Of course James Brown deserves a blog. It is one of those artists who has become important for us Europeans since he has had exhibitions in the Netherlands ( Livingstone gallery ao) and Belgium in the last few decades in which we could see his paintings . Some of these catalogues are available at www.ftn-books.com. What follows now is the information you can find on Brown on Wikipedia.
Born in Los Angeles, California, he received at BFA from Immaculate Heart College, Hollywood. He then spent years in Paris, and attended the Ecole Superieure des Beaux Arts, Paris, France. He rebelled against the classical training there, which he considered irrelevant, but stayed as he wanted to stay in Paris. Tours of Europe seeing renaissance and especially medieval painting of Italy influenced his work. During the 1980s, his paintings, mixing the modernist tradition of painterly application and adherence to the picture surface with clear influences from tribal art. In the early 1980s he began exhibiting in New York, and in this decade this work became a hit in the galleries and art press, sharing a look with the Bad Painting and young neo-expressionism of the East Village painters of the time. On 12 September 1987 he married Alexandra Condon, who was studying History of Art at NYU at the time. They had known each other for little more than ten years. Despite some time on the East and West coast of New York, he continued to live in Paris. With the fading of the East Village art scene he had increasingly shown in European galleries, where his work was now seen in the context of a post-war European modernism in the tradition of Jean Dubuffet. James and Alexandra had their first child, Degenhart Maria Grey Brown, on 24 September 1989 in New York. In 1991 their second boy, Cosmas And Damian Maria Todosantos Brown, was born on 6 June in Paris. On 16 April 1993, their daughter was born, Dagmar Maria Jane Brown, in New York. In 1995 he moved out to the valley of Oaxaca (Mexico) with his family, where they lived in a hacienda for nine years. During that time, James Brown continued exhibiting in Europe, the United States and Mexico. He and his wife collaborated with various artists, making rugs in a village in the mountains of Oaxaca. The rugs were made in the traditional Mexican fashion, weaved by hand on large wooden frames. Jamaes and Alexandra then decided to start making books with artists, so they started Cape Diem Press. Like the rugs, these books are printed in Oaxaca using old-fashioned and traditional methods. The books are printed in limited editions, and Carpe Diem Press continues to collaborate with artists. In 2004, they moved to the city of Mérida, in the Yucatán. Since then James Brown has been spending much time in Europe, exhibiting his work in France, Germany, Italy and Holland. He has been working mostly in Paris.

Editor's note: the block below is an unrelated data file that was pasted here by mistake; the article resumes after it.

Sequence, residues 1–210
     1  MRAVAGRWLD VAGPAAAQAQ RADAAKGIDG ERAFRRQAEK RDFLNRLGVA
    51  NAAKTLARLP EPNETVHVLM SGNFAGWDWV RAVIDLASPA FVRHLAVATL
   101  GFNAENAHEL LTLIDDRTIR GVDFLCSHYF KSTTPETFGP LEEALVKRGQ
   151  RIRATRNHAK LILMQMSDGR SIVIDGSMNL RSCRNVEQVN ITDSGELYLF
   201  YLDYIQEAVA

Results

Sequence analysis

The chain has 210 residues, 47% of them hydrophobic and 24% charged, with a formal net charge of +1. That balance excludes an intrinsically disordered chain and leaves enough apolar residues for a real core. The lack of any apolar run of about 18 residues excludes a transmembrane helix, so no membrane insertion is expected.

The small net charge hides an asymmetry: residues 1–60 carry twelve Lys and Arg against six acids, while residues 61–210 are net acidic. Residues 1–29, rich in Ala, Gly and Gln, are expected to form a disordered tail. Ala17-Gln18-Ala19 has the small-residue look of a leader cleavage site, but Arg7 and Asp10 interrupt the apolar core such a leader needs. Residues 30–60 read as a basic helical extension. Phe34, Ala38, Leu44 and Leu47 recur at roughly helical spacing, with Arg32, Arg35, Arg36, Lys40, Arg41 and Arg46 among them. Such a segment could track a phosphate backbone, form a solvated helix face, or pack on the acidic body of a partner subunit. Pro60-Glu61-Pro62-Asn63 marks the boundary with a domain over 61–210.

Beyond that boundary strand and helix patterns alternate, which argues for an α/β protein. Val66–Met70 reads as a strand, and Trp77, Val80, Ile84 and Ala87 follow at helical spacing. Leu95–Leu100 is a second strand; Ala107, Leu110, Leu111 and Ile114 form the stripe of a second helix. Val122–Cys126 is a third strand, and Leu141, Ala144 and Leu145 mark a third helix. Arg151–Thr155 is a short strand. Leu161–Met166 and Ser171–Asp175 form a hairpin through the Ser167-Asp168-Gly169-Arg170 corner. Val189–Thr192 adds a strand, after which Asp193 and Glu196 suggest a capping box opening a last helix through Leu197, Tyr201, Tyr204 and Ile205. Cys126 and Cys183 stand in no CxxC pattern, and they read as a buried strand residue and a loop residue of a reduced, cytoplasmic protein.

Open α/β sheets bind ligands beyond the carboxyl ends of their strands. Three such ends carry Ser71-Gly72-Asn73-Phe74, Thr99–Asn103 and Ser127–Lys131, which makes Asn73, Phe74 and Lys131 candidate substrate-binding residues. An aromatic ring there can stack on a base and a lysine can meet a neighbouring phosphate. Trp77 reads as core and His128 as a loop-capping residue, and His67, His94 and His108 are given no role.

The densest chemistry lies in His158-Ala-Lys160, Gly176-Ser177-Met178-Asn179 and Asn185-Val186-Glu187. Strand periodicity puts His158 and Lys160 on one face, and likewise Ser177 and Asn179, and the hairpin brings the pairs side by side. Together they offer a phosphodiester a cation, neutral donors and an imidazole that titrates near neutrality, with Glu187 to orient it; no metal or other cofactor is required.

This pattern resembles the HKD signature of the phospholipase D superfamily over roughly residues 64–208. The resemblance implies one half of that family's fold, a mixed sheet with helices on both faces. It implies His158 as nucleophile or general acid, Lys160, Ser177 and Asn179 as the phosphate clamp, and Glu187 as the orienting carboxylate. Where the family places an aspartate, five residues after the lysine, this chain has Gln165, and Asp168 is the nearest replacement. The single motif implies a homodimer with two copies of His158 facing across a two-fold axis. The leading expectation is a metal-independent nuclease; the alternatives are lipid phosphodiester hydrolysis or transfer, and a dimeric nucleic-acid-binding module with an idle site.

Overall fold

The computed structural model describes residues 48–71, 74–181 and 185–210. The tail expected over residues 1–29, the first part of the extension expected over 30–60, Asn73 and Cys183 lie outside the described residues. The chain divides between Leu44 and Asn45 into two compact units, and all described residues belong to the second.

His work has taken on several styles over the years, but maintains a hand-made look combining concerns of the modernist tradition with motifs and spiritual interests from tribal art. Much of his work is a non-realistic but contains depictions or signs of recognizable faces or objects. More recently he has done more in an abstract mode. However, the line between representation and abstraction is often a difficult one in his work, such as his more recent “Firmament Series” – abstract canvases that can also be read as referring to constellations or stars, or groups of rocks. Besides paintings Brown has also produced sculptures and series of prints at various points in his career, and in the 1990s started to heavily utilize collage. Drawing and other unique works on paper have been important to his artistic development and production. In an Artforum review of a 25-year retrospective, Martha Schwendener noted “The works range from abstract gouaches to biomorphic and figurative watercolors to collages that update the synthetic Cubist experiments of Picasso and Braque.